As the one-year anniversary of the release of FlightSim Studio’s E-Jet Lineup approaches, let’s take a look at the progress made since its initial release. We’ll review the product and discuss its various shortcomings and flaws before discussing the improvements made since the release and where the product needs to be taken next.
The release of FSS’s E-Jets was controversial, to say the least. The developers at FSS were no doubt excited about the release of their new flagship product. The E-Jets received some phenomenal release teasers, aided by the MSFS videography mastery of the AviationLads YouTube channel. Hype for the aircraft was so incredibly intense the amount of support that FSS garnered in early access purchases (myself included) is likely carrying the project to this day. Unfortunately for the FSS E-Jets, instead of becoming a success story, it became the story of an overhyped community, an underdelivering product with a committed developer, and a herculean effort to deliver on initial promises.
Table of Contents
As always, to ensure we all understand the context and conditions under which the review took place, I will review the basics of my flight simulation setup and a little on my flight-simming background. I undertook flight simulation as a hobby in early 2020 with MSFS 2020 on an Xbox One S and a controller. Since then, I have upgraded to a desktop PC and various flight simulation peripherals. I have extensive experience working in a large international airport’s senior engineering management team, giving me a unique behind-the-scenes viewpoint of all things aviation.
The hardware used for this review includes the Honeycomb Bravo Throttle Quadrant and Thrustmaster Airbus replica flight control stick. At the time of writing, I do not have rudder pedals and used the yaw axis on the Airbus replica stick for rudder and tiller control. My PC falls under mid-tier specs with an RTX 3060, Intel i5-11400F, and 64GB of RAM. I use a 1440P, 75Hz curved monitor with a Tobii Eyetracker 5 for extended visibility. I purchased the copy of the FSS E-Jets as a pre-order for early access, and was not sponsored or endorsed by FlightSim Studio. This review contains my honest opinions and is not influenced by any external entity.
This review is based on the most up-to-date version of the E-Jets as of writing (0.9.18).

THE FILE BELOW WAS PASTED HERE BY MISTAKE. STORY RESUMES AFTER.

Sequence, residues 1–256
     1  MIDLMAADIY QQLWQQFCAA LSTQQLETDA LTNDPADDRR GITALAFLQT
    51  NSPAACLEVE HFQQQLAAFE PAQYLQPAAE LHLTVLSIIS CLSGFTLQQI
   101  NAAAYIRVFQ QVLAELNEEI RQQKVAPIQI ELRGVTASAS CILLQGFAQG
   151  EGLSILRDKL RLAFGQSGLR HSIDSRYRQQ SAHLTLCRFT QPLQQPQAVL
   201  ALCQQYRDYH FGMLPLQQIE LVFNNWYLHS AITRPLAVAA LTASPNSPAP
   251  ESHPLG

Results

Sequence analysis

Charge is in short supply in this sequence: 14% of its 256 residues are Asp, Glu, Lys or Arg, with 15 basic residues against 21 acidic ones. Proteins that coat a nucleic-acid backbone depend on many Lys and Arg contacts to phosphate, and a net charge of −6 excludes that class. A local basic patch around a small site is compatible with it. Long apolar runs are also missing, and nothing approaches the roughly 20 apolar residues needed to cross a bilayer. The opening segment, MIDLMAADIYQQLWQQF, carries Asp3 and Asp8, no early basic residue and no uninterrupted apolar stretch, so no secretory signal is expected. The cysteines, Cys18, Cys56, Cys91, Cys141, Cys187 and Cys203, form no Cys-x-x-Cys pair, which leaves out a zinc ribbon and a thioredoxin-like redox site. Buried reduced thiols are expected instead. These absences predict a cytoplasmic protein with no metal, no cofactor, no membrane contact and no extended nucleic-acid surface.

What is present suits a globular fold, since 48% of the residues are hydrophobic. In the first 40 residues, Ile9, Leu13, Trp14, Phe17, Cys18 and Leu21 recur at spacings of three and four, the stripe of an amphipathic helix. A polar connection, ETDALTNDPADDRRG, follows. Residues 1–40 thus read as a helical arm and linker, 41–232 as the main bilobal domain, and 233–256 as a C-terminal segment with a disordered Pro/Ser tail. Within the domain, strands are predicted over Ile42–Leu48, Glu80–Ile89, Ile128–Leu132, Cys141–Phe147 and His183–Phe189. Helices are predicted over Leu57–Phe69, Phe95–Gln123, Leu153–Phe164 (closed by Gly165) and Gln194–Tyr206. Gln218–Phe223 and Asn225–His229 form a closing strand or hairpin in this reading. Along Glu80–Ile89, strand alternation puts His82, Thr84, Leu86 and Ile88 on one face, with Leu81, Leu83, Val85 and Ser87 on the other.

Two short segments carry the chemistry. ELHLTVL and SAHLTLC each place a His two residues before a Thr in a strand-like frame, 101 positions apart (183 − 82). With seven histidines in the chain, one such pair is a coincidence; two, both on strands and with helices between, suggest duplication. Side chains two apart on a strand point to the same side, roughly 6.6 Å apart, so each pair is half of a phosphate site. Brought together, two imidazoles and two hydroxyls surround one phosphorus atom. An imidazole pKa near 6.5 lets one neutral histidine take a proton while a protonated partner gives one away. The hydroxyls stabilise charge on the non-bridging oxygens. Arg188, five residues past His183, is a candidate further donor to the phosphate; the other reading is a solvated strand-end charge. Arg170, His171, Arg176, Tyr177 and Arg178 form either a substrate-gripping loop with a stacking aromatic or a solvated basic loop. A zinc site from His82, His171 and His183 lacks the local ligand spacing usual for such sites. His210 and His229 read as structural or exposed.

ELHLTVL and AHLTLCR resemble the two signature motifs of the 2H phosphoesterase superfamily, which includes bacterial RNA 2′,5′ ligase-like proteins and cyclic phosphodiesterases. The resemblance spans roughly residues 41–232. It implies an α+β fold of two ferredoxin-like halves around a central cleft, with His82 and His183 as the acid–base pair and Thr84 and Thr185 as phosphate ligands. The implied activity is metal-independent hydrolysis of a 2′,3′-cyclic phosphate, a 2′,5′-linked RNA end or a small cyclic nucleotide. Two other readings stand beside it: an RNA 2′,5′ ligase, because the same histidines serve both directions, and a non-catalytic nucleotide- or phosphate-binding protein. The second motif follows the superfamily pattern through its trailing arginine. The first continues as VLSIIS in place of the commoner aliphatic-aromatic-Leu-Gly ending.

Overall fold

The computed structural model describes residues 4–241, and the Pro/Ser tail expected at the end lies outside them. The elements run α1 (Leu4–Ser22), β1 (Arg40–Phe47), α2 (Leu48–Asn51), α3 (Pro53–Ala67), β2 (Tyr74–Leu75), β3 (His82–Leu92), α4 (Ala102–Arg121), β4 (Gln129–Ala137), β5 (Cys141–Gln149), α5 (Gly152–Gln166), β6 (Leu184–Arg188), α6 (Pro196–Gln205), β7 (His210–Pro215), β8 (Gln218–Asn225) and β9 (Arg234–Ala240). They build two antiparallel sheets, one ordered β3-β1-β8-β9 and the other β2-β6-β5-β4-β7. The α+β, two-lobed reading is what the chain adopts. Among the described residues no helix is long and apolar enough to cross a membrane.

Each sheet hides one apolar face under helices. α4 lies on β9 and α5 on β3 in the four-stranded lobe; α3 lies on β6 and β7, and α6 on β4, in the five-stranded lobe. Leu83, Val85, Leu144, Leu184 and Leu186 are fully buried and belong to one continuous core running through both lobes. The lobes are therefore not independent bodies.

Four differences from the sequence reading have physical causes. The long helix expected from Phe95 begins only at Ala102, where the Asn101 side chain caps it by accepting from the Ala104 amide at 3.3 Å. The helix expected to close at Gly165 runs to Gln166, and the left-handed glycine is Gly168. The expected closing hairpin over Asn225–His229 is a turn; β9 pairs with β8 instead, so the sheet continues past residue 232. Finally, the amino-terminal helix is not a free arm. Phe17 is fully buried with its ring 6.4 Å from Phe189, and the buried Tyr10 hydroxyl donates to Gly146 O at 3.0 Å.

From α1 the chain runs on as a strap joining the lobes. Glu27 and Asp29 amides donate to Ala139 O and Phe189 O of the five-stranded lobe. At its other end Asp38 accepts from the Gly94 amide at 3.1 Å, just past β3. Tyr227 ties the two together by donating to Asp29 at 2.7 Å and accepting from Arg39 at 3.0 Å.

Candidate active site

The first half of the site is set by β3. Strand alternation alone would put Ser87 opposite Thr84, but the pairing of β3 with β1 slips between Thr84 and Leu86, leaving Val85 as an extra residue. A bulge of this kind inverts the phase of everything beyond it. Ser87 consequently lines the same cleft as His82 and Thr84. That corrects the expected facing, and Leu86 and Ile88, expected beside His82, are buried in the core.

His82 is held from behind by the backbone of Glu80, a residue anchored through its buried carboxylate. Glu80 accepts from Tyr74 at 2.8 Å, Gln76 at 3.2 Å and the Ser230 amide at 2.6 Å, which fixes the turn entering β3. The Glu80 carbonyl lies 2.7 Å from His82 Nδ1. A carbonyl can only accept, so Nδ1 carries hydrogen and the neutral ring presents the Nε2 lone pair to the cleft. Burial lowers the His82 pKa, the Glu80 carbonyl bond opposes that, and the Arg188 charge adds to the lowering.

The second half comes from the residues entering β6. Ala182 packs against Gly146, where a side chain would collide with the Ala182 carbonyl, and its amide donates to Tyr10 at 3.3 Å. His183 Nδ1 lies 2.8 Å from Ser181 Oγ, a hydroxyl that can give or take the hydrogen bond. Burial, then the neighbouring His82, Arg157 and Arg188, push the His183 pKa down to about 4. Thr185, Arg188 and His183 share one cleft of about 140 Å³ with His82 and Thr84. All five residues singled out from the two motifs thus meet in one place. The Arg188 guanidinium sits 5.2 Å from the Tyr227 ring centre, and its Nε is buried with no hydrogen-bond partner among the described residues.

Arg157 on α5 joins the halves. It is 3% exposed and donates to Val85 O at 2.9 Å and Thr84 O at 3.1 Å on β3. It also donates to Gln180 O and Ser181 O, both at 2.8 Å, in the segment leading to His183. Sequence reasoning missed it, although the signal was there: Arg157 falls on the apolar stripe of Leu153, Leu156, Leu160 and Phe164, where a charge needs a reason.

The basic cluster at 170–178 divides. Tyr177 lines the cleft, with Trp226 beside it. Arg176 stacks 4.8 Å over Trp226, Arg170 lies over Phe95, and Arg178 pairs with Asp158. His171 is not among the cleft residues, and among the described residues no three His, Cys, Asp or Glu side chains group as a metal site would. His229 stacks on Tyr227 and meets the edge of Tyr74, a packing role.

Build-up to Release
The build-up to release is as important, if not more important, than the release itself. Building community hype and engaging community figures, such as YouTubers and Streamers, is a popular and effective way to drive pre-orders and traffic for the final release. The FSS E-Jets family did this exceptionally well – some might say too well, considering how the product was received – pushing excellent teaser videos and even giving some early-build products out to popular streamers and YouTubers. The highlight of these, and what sold me on the pre-order, were the videos released by AviationLads over on YouTube. These videos sparked my initial excitement for the project and led to me following development closely.
I was immensely excited about this project. I had the FSS homepage open in a tab on my PC permanently. I would refresh the page every day, hoping for new news. When the release date announcement came around, I was buzzing with excitement. I had never been this excited about a videogame release or any other digital product. This may explain my naivete when it came to the definition of “early access” and how those two words would become the defining principles of this product at release, after release, and even now.
That was not to say that the developer was not open about the product releasing in early access. It was that I did not fully understand what early access meant. As the news flowed from FlightSim Studio, they were clear that many features that flight simmers are used to were not completed. They were not clear on just how not complete they were. In my mind, the excessive hype was not the downfall of this product; the lack of complete transparency on the state of the product was.
Release and Initial Impressions
… were bad. I genuinely have no other words to describe how poorly this product was released to the public. All the videos, public demonstrations, and live streams used as promotional material hid how unfinished this product was. It is an understatement to say that this product was not ready for release. It was several more months of development early.
Upon loading up the aircraft for the first time, you are presented with a changelog screen. I appreciate that; it’s a nice and quick way to see what has been fixed and whether issues that you had come across were addressed in new updates. This also turns out to be great reading material. Running through the list in my most recent bootup, you can spend half an hour catching up on all the changes since release.